Caldbeck in Spring with daffodils © Brian Sherwen / Go Lakes
An interesting stop in Cumbria, perhaps for a pub lunch, is Caldbeck which means cold stream. Its best known inhabitant was John Peel (1776-1854) the hunter not the BBC’s much-loved DJ. The C18th Peel is the subject of the famous song, D’ye Ken John Peel, sung by every C20th school child.
John Woodcock Graves, a woollen-mill worker, wrote the verse. He possibly wove the very same grey cloth that made John Peel’s hunting coat. Peel was a notable character. He eloped with his bride to Gretna Green. There the pair married and later had 13 children!
We hear about Peel today in the song which tells of his love of hunting. In traditional Lakeland style, Peel often followed the hounds on foot. The organist at Carlisle Cathedral, William Metcalf, composed the music.
Today the Cumbrian sport of Hound Trailing still has a healthy following. The Hound Trailing Association has over 500 members. The sport is carried out over the season from April to October. Spectators are welcome at HTA events.
History of Caldbeck
The church, dedicated to St Kentigern, dates from the C12th. St Kentigern preached at Caldbeck in 553 on the way from Scotland to Wales. There are hunting horns near the door of St Kentigern’s church to mark the grave of John Peel who died falling from a horse. The handsome C18th rectory overlooks the church and has Gothic windows. The church benefited from restoration in 1932. In the middle of the village, in Midtown, there are C18th cottages.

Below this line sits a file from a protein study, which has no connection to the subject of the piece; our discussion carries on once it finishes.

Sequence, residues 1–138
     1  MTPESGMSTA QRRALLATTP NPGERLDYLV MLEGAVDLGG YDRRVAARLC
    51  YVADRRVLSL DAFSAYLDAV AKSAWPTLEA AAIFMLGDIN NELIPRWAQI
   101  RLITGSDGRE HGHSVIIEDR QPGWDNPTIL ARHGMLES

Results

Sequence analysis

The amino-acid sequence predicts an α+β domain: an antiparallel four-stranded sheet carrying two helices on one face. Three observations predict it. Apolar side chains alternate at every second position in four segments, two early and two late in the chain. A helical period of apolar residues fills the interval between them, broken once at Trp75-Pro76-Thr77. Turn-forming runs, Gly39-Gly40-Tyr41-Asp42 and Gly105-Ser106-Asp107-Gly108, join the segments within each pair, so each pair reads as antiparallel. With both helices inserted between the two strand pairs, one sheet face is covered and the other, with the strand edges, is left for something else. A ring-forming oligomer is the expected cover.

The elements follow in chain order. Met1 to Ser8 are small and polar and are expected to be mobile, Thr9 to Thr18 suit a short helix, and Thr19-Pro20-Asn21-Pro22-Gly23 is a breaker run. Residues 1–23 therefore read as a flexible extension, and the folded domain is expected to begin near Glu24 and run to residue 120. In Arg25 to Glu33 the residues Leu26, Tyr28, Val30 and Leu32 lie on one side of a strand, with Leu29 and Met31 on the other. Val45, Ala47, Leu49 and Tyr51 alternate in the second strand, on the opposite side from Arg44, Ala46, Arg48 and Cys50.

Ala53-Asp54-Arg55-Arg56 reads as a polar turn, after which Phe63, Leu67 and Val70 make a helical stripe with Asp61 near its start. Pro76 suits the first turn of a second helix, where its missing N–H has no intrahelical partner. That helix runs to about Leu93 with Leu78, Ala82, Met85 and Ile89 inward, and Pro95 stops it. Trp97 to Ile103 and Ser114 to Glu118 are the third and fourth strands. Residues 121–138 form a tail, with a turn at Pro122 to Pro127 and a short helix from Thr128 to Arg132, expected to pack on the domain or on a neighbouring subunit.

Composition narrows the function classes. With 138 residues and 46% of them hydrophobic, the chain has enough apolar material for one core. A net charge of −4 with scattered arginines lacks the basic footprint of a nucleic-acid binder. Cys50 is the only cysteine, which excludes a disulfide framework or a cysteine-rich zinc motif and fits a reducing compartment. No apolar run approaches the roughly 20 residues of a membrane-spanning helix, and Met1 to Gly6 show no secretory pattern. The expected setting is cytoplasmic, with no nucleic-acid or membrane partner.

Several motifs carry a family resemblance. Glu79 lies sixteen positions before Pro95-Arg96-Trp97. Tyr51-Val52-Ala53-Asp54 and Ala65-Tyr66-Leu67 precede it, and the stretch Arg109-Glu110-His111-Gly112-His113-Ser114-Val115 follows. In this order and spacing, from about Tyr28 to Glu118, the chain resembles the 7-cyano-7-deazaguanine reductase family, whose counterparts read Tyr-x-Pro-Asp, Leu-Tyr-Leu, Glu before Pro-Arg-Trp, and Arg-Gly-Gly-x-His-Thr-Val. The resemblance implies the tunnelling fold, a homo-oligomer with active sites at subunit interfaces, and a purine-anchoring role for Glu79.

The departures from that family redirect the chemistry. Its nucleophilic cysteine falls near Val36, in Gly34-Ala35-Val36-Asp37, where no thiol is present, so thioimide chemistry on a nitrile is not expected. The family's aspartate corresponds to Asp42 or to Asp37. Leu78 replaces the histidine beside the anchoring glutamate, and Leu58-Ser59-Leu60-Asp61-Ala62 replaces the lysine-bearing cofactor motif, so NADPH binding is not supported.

There is a pretty stone bridge leading to Friar Row, where there are cottages with slate roofs dating from 1800. In the C6th there was a hospice, a resting place for travellers, here deep in Inglewood Forest. The settlement was on the route to west Cumberland, and busy with travellers needing a safe resting place. Those who enjoy walking might enjoy the walk from Keswick to Caldbeck. For more information about walking in Cumbria please visit the Ramblers and more walking here also.
In the C16th German miners mined copper and silver here for coins. Mining of some metals, lead, barium and tungsten, continued into the C20th.
In the industrial revolution, the area produced many of the bobbins for the Yorkshire and Lancashire wool and cotton mills. It is likely that the local Caldbeck Woolen Factory at Hodden Croft made the grey cloth for Peel’s coat so grey. The area is now a farming area.